Friday, 27 February 2009



According to evolutionary theory, the early human society lived in promiscuity. Due to the

biological factors of pregnancy and childbirth, it was easier to trace biological relationship of

children to their mothers, than to their fathers. Hence, human organization at a later stage

revolved around mothers than around fathers. From matriliny there evolved patriliny when

men were able to assert their superiority. This evolutionary theory from promiscuity to

patriliny via matriliny is now discarded (Chacko, 1998). Both patrilineal and matrilineal

systems have developed and flourished independently.

One of the few parts in the world where people rejoice when a girl is born, is a unique

societal structure, which is found among the Khasis, a tribe of Meghalaya, a small

northeastern state of India. It is one of the few areas in the world where a woman proposes

marriage and where houses bear the name of a woman instead of a man. Anthropologists

describe it as a matrilineal society (Rasid, 1982).

Characteristics of Matrilineal System

Early evolutionists have attempted to demonstrate that most societies in this universe have

eventually evolved from matriarchy to their present form. Today assumptions of universal

male dominance, rather than universal female dominance hold the stage (Fox, 1967; Divale

and Harris, 1976). Analyses of the matrilineal system operating in a variety of cultural and

ecological settings and their comparison with kinship systems based on different principals of

descent, inheritance and succession, have contributed to a clearer understanding of certain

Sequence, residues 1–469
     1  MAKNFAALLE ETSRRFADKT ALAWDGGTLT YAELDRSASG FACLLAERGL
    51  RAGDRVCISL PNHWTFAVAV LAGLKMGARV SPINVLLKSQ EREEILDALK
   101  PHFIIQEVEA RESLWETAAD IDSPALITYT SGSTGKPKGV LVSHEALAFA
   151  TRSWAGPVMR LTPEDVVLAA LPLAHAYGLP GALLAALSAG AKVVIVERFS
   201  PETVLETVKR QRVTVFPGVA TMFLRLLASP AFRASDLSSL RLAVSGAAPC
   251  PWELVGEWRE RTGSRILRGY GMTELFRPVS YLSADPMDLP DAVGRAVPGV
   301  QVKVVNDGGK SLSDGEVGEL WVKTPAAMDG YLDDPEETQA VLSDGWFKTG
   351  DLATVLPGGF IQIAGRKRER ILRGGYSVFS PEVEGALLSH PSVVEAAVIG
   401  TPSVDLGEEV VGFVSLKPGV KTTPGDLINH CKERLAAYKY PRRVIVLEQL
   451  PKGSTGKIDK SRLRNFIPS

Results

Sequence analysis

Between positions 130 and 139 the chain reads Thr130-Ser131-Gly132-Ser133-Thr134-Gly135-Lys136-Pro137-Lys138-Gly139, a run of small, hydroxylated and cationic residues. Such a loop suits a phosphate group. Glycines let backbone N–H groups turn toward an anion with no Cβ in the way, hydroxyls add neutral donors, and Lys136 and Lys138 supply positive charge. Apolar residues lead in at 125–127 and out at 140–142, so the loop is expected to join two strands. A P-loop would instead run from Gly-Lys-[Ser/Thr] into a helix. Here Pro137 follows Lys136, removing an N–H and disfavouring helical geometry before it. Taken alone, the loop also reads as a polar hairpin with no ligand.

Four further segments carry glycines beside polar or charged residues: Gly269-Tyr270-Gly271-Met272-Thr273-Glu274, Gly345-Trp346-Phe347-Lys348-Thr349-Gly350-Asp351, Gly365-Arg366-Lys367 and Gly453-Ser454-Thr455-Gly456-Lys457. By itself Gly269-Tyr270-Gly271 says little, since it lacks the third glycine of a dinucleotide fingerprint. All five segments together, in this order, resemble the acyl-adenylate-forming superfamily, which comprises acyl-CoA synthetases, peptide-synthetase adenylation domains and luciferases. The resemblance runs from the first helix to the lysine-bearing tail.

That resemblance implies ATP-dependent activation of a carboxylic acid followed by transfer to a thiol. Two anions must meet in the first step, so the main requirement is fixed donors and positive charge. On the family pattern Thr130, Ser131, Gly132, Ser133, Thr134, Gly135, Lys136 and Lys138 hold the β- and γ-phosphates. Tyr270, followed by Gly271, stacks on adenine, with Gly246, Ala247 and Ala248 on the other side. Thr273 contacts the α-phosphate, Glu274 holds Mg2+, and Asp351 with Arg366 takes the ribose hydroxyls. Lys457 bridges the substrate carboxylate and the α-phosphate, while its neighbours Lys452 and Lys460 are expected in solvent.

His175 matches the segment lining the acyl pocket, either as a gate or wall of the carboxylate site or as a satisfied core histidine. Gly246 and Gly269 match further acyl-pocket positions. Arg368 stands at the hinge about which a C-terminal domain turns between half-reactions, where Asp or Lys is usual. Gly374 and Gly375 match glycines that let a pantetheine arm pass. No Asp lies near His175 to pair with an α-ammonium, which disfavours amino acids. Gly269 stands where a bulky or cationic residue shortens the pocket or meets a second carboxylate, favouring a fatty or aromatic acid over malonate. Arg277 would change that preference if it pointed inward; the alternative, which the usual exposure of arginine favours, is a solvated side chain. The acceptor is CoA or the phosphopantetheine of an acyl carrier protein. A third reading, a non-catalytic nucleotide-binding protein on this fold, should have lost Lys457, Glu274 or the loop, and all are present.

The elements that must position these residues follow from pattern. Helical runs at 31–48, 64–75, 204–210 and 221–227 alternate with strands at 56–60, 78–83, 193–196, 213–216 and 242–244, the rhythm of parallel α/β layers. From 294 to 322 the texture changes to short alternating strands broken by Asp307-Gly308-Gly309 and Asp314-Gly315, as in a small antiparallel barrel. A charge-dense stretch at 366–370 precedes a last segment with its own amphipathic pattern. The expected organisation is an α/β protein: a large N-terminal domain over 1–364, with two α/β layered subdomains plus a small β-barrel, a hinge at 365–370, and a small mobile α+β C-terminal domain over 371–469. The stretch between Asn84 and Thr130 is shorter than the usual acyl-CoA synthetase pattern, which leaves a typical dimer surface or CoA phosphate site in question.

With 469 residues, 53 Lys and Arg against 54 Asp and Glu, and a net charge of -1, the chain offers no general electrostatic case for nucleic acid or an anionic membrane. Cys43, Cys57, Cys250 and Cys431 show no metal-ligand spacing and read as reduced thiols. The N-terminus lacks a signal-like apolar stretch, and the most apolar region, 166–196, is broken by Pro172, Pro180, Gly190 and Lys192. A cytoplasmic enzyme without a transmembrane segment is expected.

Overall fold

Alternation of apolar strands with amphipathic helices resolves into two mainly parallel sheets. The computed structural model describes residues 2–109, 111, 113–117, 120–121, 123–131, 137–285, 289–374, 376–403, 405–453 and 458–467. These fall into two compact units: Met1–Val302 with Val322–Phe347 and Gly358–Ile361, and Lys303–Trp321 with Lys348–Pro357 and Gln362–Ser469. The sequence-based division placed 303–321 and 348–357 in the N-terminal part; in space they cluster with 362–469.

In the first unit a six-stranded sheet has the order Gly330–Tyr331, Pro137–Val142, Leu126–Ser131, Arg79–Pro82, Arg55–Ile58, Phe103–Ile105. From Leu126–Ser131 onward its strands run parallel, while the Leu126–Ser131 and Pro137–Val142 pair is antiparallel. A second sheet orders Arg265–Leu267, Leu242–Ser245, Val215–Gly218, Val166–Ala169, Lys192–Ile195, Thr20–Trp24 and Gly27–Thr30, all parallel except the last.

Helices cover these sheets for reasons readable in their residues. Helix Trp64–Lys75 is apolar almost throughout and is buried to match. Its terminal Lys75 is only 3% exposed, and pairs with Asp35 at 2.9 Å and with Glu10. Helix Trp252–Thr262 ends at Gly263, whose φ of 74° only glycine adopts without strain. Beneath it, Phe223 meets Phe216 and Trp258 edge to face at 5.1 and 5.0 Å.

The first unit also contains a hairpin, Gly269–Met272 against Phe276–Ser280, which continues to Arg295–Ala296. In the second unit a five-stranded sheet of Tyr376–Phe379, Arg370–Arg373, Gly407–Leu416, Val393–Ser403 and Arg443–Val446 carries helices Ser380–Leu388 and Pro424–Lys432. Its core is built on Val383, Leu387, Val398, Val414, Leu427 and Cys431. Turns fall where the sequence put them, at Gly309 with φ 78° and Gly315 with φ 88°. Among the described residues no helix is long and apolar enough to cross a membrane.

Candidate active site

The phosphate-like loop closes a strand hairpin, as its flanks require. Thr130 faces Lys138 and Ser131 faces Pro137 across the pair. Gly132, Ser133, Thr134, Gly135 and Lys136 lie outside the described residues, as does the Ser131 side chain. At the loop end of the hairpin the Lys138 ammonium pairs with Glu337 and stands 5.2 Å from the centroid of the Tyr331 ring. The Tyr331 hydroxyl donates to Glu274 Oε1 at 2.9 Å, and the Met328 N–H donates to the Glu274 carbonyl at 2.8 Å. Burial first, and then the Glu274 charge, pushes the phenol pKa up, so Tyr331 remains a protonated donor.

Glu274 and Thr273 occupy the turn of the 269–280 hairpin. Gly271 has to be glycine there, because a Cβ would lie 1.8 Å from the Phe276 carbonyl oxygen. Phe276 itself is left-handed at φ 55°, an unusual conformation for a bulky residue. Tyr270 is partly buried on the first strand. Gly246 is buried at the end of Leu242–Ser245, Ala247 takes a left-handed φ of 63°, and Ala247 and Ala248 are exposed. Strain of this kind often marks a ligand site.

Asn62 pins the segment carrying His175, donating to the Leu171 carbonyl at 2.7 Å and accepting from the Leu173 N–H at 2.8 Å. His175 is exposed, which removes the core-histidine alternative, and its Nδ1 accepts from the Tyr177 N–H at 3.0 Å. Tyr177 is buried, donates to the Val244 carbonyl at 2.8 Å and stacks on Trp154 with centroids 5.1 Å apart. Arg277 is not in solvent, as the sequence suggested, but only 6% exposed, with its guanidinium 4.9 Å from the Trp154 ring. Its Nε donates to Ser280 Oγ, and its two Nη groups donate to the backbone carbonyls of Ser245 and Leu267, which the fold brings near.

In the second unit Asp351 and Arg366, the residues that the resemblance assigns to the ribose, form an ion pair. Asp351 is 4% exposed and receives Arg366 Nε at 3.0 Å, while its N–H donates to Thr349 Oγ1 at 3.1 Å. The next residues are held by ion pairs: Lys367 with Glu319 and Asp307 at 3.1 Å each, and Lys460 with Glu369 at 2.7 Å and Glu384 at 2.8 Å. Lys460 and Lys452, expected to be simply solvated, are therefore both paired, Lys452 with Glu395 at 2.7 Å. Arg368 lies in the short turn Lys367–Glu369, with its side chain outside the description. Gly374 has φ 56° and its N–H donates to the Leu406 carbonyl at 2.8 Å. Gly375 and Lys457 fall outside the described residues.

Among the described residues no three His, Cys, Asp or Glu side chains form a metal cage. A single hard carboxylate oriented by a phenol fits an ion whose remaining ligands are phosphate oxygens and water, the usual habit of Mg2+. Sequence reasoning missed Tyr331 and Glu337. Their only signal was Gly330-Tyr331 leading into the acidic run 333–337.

distinctive type of social structure.

Most of the anthropologists do not believe in the existence of any true matriarchy.

They, however, suggest that there exist three characteristics of matriarchy, viz., descent

through the mother (family name through mother), matrilocal residential system (husband

lives at the residence of wife after marriage) and inheritance of property by females. Thus,

any society, which follows these three norms, is presently called matrilineal society.

In a matrilineal society, the descent or the family name is through the mother's side,

and is known as ‘matrilineal descent’. This affiliates an individual with kin of both sexes,

related to him or her through women only. Kapadia (1966) has mentioned that all children of

a woman take the family name of their mother. As decent is through female side, only the

children of the female of the family can become members of the family. The children of the

male child cannot be the member of his mother’s family as they cannot take the family name

of their fathers.

Matrilineal societies also exhibit interesting variety of residence patterns, like, ‘a man

residing with his wife's matrilineal kin’, ‘a wife residing with her husband's matrilineal kin’

or ‘with his paternal kin’, ‘couples settling down together in a new residence’, or the ‘two

living with their respective natal groups following the duolocal pattern’ (Richards, 1950;

Dube, 1969). Traditionally, it has been assumed that in those societies where married children

live near or with kin, residence will tend to be patrilocal if males contribute more to the

economy and matrilocal if women contribute more (Ember and Ember, 1971; Divale, 1974).

Ember and Ember (1971) have also mentioned that those cross-cultural evidences also

suggest that in societies where war exists amongst the neighboring communities, residence is

almost always matrilocal.

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